The Dallas County DA is investigating possible voter fraud with over 1,200 absentee ballot applications. The mail-in ballots are for the 2018 elections.

The applications, which came from West Dallas, Grand Prairie and parts of Oak Cliff, generated 459 ballots that were  The ballots came from West Dallas, Grand Prairie and parts of Oak Cliff. These are the same areas where voter fraud was alleged in municipal elections last year.

Suspicions were raised because the applications were filled out in September and October of last year. They weren’t submitted for mail-in until the beginning of 2018.

Another red flag that there is fraud came when hundreds of ballots were received all at once via a FedEx box.

The final nail in the coffin (pun intended) was that four of the potential voters are dead.

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Dallas County Elections Administrator Toni Pippins-Poole said the applications were turned over to the DA because, “Those kinds of things are suspicious to us”.

“We were receiving so many applications in a Fed Ex box, four- or five-hundred at a time,” Pippins-Poole said.
All of them came from one single return address which would have been forbidden if it was a campaign office, but it was not.
“We had to go through the normal process because it did meet the qualification,” she said.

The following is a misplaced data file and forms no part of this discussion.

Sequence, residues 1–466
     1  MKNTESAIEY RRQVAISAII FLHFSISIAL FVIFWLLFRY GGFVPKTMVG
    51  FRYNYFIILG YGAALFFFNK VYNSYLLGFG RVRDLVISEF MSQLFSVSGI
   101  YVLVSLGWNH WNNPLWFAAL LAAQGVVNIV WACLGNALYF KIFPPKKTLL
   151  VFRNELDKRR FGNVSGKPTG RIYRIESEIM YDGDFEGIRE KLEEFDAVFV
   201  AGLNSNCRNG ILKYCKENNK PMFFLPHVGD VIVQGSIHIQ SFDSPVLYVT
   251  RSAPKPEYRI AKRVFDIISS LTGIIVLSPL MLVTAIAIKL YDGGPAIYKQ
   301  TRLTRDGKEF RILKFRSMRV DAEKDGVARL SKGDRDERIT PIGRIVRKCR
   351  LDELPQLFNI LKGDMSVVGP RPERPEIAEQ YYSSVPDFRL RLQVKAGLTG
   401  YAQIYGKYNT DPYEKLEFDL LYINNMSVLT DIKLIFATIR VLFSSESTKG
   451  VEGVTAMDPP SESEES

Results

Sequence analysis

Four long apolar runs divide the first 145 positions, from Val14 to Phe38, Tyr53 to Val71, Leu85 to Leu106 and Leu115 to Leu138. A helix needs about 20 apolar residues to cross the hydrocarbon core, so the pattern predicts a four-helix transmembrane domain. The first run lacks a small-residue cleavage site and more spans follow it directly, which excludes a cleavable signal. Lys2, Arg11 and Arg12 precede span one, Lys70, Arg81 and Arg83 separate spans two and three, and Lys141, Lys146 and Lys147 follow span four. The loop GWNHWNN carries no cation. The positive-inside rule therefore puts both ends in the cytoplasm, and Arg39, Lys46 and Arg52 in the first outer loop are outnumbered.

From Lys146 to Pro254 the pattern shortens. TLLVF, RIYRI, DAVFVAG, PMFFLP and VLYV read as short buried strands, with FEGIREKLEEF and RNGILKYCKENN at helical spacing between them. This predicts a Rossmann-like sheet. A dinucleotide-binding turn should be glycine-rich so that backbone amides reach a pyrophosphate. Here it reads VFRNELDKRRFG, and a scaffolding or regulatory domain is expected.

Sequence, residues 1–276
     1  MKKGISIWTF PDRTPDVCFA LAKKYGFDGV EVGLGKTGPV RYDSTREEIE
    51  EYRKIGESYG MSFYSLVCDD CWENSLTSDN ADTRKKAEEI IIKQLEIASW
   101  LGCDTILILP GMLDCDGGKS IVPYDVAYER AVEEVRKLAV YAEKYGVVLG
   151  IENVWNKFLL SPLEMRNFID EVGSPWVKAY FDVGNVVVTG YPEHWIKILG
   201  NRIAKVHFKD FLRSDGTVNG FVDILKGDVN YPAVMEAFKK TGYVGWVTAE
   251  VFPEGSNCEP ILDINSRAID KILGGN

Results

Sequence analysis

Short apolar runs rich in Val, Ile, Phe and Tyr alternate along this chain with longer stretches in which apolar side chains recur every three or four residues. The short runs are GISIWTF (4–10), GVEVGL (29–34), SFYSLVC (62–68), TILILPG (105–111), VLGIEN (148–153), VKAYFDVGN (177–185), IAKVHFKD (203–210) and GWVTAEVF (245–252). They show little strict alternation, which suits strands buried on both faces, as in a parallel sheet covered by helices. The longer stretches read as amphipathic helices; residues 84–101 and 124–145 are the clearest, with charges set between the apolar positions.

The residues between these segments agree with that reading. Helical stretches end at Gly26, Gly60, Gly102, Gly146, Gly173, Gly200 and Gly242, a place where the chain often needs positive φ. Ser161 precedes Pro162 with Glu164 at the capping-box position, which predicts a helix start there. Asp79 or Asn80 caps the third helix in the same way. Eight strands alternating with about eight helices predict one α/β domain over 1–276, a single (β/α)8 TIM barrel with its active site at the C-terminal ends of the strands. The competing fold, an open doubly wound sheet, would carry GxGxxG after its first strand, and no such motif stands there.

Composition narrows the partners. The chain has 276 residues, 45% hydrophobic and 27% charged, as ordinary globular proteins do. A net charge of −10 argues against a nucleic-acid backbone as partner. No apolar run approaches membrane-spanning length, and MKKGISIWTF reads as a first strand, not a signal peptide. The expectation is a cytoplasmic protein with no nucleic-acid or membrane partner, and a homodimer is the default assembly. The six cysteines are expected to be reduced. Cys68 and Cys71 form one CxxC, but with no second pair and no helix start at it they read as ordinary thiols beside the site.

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Dallas News reports:

Last year, 700 mail-in ballots in the May municipal elections in Dallas and Grand Prairie were deemed suspicious because they were linked to the same witness, “Jose Rodriguez.”

Senior citizens in both cities reported receiving mail-in ballots that they never requested — meaning their signatures had been forged. Some said they were also visited by a pushy man claiming to work for the county who wanted to collect their ballots.

One suspect was arrested in the case: Miguel Hernandez, 27. A West Dallas woman identified Hernandez as the man who collected her unfilled ballot, which then arrived at the county filled out in support of a candidate, with the name “Jose Rodriguez” as a witness. The district attorney’s office is still investigating whether others were involved in the scheme.

In response to the controversy, the Texas Legislature and Dallas County Commissioners enacted new policies to curb mail-in voter fraud and the abuse of elderly voters.


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